New Bridges Grace the Pisgah Ridge Trail

Over the course of the last few weeks, volunteer crews have disassembled and rebuilt several new spans on the Pisgah Mountain Trail, added a long board walk alongside a wetland along that same pathway, and raised and firmed up a bridge on the Dogwood Swamp Trail, a span whose northwestern footing had been undermined by the stream beneath causing the deck to pitch and fall Several weeks ago, volunteers hauled a good deal of new pressure treated material, sufficient for two separate spans, from the Kilburn parking lot and up to the Pisgah Mountain Trail worksite, using pickups, and an ATV machine and cart. Sometimes utilizing the winch on the ATV, the crew was able to get all the materials and tools up to the lower construction site without too much additional hand-carrying.

The support stringers under the span over a rivulet that drains a small bog had deteriorated to the point that the bridge’s usefulness was in jeopardy. So the decking was removed and the stringers sawed into sections and rolled aside. The sills that supported the bridge were rotten, so they were pulled up, as well. Two trees that were in poor condition and would eventually threaten the bridge were cut down. Once the site was clean, new pressure treated sills were installed and 18-foot double stringers set in place across the brook. With ten souls on hand, it did not take very long to set the deck in place and erect the railings. At the uphill side of the span, a wide step was installed so that access to the bridge would be no trouble whatsoever.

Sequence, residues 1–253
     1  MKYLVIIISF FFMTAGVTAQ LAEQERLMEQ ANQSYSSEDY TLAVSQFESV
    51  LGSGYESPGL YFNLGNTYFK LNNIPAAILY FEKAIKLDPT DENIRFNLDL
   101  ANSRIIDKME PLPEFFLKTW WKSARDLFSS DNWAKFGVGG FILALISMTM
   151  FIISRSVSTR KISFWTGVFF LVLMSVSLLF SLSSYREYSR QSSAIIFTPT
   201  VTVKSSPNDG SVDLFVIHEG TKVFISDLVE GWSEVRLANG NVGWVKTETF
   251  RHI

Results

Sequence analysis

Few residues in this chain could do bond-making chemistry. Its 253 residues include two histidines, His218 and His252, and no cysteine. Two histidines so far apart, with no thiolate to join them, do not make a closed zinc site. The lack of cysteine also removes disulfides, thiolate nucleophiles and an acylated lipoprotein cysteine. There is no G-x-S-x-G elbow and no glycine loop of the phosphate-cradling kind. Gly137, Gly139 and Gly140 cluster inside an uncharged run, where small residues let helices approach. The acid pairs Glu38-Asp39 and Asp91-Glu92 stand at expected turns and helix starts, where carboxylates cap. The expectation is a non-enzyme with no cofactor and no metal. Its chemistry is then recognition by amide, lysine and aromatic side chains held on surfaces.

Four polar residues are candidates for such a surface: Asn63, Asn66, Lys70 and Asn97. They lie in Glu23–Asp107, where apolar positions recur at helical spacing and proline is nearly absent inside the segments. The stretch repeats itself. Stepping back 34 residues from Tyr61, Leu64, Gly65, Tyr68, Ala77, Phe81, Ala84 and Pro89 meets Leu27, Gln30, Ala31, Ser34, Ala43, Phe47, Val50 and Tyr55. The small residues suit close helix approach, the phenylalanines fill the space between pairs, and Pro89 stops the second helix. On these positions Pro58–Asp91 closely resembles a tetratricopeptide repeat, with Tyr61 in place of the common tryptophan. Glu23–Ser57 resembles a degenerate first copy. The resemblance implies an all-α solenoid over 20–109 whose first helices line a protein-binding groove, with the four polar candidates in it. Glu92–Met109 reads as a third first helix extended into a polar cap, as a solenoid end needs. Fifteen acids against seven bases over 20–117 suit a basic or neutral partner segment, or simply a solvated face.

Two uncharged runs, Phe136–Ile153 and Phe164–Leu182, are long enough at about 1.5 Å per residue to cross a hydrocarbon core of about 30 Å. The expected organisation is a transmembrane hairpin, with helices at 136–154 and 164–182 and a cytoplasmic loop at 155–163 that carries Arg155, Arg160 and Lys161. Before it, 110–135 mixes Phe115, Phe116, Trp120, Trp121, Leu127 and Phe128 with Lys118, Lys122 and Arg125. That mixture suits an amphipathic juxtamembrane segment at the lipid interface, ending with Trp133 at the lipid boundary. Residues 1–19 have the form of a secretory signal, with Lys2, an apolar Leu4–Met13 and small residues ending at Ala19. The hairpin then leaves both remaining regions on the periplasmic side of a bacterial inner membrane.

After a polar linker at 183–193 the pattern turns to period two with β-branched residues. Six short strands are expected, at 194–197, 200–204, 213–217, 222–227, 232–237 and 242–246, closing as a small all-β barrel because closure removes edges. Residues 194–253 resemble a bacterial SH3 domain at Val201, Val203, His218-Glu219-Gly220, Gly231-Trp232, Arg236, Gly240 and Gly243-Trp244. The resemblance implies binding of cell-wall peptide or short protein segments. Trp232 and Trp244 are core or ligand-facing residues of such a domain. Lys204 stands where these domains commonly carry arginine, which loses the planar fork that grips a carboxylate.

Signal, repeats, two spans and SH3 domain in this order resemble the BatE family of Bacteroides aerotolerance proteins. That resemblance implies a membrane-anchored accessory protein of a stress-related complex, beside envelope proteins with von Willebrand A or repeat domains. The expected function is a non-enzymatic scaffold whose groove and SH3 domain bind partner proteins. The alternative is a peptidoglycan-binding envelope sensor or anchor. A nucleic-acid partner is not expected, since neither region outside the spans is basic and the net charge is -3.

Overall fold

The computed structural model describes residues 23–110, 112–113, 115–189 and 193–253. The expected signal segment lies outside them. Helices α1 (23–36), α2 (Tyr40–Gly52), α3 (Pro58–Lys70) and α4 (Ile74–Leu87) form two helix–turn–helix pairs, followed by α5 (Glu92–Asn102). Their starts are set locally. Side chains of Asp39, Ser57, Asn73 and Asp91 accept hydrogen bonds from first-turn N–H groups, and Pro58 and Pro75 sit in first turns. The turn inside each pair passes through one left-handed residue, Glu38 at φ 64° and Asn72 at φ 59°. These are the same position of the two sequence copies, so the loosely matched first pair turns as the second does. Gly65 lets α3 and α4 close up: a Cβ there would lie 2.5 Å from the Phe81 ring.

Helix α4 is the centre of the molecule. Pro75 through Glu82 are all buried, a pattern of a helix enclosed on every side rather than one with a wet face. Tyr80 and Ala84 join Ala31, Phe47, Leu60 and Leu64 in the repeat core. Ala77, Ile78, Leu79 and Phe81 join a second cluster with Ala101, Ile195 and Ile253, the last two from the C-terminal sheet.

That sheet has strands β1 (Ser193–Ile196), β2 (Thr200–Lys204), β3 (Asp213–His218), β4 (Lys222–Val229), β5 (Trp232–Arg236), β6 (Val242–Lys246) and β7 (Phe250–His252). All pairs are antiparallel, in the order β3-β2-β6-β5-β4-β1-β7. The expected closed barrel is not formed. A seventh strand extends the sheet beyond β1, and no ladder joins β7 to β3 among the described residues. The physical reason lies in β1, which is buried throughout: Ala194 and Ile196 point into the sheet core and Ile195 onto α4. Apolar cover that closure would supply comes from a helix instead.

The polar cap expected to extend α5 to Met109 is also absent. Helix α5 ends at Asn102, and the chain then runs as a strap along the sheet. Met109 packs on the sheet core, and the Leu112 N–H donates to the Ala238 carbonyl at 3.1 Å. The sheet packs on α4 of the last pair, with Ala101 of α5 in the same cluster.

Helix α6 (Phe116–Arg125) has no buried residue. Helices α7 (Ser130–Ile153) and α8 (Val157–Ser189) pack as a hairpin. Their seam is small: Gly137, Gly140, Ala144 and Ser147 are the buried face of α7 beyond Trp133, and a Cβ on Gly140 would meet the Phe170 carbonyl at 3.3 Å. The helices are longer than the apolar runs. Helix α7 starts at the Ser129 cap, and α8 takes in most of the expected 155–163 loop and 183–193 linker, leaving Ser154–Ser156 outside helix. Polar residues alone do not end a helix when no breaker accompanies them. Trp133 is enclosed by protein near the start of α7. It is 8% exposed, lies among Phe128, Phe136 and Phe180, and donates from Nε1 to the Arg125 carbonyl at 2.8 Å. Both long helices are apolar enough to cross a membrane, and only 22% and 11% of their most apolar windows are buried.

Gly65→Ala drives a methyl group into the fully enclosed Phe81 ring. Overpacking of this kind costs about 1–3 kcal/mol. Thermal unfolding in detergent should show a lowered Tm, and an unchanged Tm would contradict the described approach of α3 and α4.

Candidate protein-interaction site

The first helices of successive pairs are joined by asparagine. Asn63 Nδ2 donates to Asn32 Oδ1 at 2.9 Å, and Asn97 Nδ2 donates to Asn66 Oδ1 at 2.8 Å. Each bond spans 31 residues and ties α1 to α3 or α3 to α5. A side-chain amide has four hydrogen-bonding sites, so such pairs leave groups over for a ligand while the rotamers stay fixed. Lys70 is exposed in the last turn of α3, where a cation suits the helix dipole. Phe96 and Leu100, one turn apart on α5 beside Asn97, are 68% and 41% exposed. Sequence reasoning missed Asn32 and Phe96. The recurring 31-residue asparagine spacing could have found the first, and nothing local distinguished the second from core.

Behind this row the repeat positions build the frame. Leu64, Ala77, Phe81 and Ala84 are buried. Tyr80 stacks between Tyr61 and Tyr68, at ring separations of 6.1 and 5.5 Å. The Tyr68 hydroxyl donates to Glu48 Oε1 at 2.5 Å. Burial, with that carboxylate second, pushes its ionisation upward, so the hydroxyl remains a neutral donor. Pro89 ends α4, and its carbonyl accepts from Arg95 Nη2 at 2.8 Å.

While the project was underway, several in attendance ferried new material and the used pressure treated decking from the old span farther up the trail. Two weeks later, the second bridge higher on the ridge was torn down and replaced. Used materials from both bridges were shuttled still farther up the mountain to yet another project. Like the first span, the second one was replaced with pressure treated lumber. Heavy rock stepping stones were placed at each end to provide a comfortable step up Later the same day, the good used materials that were salvaged from the lower bridge sites were modified and assembled into a long boardwalk over wet footing bordering a small bog high on the ridge. The boardwalk replaces a string of long rotted puncheons that had deteriorated to uselessness.  Much of the work on the boardwalk was carried out in the afternoon, but the project wasn’t quite finished. Two days later, three volunteers returned to hammer in place the last boards. A good deal of clipping was also completed in the area to make the going much easier, and a few short bypasses were cleaned out to get around troublesome wet seeps.

Another project got some attention, as well. A bridge on the Dogwood Swamp Trail, undermined by high water, was refurbished. It had to be leveled and secured before marathon race runners were to cross it. Park manager Whip Newell brought in screw jacks to lift the bridge and left the jacks in place for a four-person Friends of Pisgah crew that came in several days later. Using shovels and a mattock, native stone and soils, the four workers were able to build a stone crib below one end of the bridge to support the three sound stringers. Since stream water had eroded one side extensively, a good deal of stone was inserted under the structure and piled to the upstream side to keep the bridge stable and to prevent future erosion. Once the task was completed, the bridge was approximately level and the approaches were smoothed. See FriendsofPisgah.org for more details.

There is more work to be done on the Pisgah Mountain Trail spans in the near future. So watch for the opportunity to lend a hand building the second span and putting in some bog bridging.

Kim Nilsen

Click here to View 10-10-2015 photos by John Herrick

Click here to view 10-12-2015 photos by John Herrick